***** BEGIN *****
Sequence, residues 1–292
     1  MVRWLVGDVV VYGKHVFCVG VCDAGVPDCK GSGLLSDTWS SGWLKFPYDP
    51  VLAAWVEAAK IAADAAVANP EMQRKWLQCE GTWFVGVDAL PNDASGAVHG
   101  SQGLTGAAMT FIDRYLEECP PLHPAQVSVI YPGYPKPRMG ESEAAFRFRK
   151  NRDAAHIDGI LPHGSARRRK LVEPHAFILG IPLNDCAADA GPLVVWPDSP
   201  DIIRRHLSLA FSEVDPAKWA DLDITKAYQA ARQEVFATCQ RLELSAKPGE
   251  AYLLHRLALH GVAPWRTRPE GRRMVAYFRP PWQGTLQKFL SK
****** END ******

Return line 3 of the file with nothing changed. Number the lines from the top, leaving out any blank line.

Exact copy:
    51  VLAAWVEAAK IAADAAVANP EMQRKWLQCE GTWFVGVDAL PNDASGAVHG